Quick, name five tech websites. Give up? There's Recode, The Verge, Tech Crunch, Select All and Ars Technica. A glance at Techmeme, the aggregator for Silicon Valley obsessives, shows at least 100 more.

With all the competition for attention on the internet, building new brands around well-loved can be a tough slog. But NBC News is foraging ahead anyway, putting new verticals on technology, wellness and ideas at the center of a big digital remaking.

Beginning today, NBC News is launching Better, a wellness vertical devoted to helping readers improve their lives. It's the second debut in an overhauled strategy that emphasizes a specific, topic-based approach over cultivating a monolithic general-interest audience.

This helps NBC News differentiate itself to audiences that might not otherwise know NBC News has expertise in a particular subject area, said Nick Ascheim, senior vice president of digital at NBC News.

"NBC News has been in the hard news and the breaking news business for a very, very long time — bordering on a century now," Ascheim said. "And what we wanted to do was create an environment where our readers and our viewers could come to us to continue to get the breaking news but also stick around for something (else)."

NBC News could have done that under it's bigger brand, but creating the verticals helps "get people to think slightly differently" about the content, he said.

The verticals — Better and Mach (a tech site for futurists) both have distinct branding and their own accounts on social media. They will be joined later this year by Think, a vertical for big ideas. All will be sections of NBC News' main website, resulting in a hybrid strategy that looks something like a cross between Vox Media (which has completely standalone sites for its various verticals) and general-interest sites like Mashable, where different types of content are more adjacent to one another.

"Vox has gone to the extreme end of vertical strategy, which is launching or acquiring a new site for each vertical," Ascheim said. "And Mashable is going general-interest and rolling everything out under one brand. We've kind of gone in-between. These verticals are going to have their own destination on the mothership website. We are going to roll out newsletters for each one. We'll develop social channels for each one."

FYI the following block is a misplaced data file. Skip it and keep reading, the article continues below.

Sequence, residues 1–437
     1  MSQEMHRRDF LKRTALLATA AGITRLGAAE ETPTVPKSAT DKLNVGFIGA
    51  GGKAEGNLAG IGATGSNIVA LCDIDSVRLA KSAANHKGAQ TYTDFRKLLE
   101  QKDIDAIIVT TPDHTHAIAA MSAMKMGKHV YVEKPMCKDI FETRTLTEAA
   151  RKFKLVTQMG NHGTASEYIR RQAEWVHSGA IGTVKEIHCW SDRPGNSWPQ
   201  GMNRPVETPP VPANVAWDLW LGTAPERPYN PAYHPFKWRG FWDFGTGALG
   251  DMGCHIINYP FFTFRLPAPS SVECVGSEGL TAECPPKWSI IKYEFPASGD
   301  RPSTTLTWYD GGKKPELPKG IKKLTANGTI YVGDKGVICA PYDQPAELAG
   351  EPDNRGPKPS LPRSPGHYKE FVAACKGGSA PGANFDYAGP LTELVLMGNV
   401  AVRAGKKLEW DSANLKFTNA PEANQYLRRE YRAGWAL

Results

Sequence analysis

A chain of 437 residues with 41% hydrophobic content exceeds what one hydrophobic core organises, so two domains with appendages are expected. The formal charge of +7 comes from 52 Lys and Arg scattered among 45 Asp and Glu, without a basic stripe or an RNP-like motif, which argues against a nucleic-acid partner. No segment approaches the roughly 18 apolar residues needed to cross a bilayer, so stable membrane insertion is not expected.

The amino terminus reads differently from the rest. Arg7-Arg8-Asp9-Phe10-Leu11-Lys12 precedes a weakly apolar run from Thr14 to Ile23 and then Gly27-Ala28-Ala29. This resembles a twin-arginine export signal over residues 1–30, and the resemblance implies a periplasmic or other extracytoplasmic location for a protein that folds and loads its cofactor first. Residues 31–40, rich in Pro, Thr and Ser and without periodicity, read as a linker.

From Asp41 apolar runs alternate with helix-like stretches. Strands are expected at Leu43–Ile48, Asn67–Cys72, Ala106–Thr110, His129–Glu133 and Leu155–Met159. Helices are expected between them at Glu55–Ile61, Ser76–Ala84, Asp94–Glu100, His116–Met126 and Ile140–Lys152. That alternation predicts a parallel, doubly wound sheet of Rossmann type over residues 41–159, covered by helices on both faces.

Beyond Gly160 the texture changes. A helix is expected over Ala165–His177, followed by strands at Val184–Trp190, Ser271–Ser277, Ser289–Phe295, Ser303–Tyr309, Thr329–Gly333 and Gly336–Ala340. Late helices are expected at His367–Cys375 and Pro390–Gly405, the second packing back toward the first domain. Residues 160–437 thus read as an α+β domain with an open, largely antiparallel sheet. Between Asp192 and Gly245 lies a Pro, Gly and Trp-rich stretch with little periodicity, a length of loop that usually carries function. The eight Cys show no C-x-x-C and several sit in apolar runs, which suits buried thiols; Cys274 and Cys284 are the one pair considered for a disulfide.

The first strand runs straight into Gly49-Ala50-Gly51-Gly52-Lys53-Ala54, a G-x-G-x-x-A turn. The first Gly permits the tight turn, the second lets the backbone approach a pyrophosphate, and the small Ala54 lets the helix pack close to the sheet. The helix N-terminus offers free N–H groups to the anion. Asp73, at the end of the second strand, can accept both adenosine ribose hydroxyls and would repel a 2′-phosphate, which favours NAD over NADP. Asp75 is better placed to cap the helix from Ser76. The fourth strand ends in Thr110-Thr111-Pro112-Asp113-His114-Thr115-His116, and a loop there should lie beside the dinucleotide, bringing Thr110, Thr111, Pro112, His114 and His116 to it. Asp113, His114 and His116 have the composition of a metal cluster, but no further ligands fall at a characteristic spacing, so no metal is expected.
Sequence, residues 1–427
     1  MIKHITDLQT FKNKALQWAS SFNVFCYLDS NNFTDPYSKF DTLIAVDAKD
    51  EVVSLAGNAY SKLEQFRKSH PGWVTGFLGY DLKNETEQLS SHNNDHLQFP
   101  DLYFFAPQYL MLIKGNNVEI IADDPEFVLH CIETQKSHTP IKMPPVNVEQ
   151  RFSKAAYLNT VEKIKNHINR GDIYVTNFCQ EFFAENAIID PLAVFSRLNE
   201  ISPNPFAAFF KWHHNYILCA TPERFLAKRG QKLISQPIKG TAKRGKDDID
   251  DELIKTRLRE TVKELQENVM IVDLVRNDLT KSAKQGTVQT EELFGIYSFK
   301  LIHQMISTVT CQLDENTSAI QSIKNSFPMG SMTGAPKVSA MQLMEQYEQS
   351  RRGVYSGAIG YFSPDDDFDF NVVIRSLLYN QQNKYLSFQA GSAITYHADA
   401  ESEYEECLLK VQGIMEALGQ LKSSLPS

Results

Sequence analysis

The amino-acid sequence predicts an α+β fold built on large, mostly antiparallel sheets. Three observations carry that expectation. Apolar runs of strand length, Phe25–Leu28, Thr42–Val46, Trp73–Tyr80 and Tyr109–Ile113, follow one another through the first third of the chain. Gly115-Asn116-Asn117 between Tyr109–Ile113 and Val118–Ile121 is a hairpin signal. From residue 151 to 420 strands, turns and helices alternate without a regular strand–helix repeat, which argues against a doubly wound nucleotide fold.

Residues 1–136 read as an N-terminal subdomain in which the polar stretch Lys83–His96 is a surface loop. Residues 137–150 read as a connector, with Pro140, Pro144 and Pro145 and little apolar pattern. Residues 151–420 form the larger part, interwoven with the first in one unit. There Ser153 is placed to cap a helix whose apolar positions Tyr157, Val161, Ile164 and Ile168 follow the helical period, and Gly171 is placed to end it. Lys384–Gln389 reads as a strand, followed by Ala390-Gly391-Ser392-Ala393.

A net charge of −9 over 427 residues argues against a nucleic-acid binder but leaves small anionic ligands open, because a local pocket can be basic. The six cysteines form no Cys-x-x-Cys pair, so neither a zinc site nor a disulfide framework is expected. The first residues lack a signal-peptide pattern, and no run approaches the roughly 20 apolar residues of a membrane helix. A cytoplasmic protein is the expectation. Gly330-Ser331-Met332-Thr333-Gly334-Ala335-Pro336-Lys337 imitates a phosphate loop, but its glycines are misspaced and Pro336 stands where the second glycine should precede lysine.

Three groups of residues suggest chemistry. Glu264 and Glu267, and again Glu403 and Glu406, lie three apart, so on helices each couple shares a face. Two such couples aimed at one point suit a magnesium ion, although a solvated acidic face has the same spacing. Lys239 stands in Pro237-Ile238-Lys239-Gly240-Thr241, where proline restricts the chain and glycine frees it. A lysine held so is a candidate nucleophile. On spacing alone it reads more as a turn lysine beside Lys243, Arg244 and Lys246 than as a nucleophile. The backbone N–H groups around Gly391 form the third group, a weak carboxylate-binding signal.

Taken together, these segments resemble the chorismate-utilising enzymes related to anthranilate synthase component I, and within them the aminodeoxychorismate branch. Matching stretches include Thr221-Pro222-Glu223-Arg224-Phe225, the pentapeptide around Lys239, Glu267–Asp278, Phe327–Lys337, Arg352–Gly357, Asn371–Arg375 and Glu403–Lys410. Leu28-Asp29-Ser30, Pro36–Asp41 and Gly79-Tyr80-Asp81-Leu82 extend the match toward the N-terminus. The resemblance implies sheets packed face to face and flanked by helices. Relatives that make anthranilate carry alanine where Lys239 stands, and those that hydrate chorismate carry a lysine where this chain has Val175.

Although building a brand is tough amid the competition, there have been encouraging early signs, Ascheim said. Mach, which launched in November, already has nearly 100,000 subscribers for its primary newsletter. Mach's Twitter account and Facebook page have 77,000 subscribers and 213,028 likes, respectively.

Ascheim ascribes the early success of Mach to its slightly off-beat approach to tech coverage. Rather than covering the transactional nature of the beat (new features, new deals, new hires) Mach is adopting a less granular focus on the future. Although Better will have plenty of competition among wellness publications, the publication's broad approach distinguishes it from other sites, he said.

"We wanted to take it a step further and say: If you wanted to live a better you, what are all the things that you have to do better at? So certainly your physical well-being is where it starts," he said. "But also things like how can you be a better partner? How can you be a better parent? How can you be a better employee? How can you be a better boss? And if you add up all those things, you wind up with a better self."

Advertiser interest thus far has included Bayer (the launch sponsor for Better) and Boeing (the launch sponsor for Mach). Think was originally conceived without an advertising category in mind, but Ascheim says interest from advertisers has been abundant.

New hires for the websites will be limited to editors with deep freelance Rolodexes for now, Ascheim said. Mach is being led by David Freeman, formerly a managing editor at The Huffington Post, and Matthew Kitchen.

Ultimately, the new verticals will give NBC News a more finely honed vehicle for its coverage of areas that resonate with readers, Ascheim said.

"It helps to be able to say, 'Mach. Better. Think.' than to try and say, 'NBC News is doing a new thing with technology,'" he said.